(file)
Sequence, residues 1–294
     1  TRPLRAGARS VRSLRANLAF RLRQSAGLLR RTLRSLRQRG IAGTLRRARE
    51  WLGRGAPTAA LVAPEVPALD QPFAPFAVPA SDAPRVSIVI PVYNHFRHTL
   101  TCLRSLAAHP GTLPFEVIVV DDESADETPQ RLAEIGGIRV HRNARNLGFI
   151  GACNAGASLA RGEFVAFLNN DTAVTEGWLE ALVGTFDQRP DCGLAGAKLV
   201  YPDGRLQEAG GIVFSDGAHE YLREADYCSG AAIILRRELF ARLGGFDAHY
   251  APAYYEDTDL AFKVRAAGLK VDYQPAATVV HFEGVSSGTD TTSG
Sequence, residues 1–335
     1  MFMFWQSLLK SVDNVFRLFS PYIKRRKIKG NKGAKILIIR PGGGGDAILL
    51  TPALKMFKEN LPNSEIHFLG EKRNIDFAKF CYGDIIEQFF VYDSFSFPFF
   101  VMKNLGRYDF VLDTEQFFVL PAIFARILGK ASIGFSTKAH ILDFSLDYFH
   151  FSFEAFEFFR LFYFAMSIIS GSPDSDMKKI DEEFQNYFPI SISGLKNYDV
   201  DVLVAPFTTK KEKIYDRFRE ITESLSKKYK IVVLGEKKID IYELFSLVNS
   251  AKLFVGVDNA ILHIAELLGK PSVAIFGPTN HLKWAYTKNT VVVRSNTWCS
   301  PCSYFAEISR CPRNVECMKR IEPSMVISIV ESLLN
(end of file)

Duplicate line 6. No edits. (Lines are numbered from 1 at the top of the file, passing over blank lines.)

   201  YPDGRLQEAG GIVFSDGAHE YLREADYCSG AAIILRRELF ARLGGFDAHY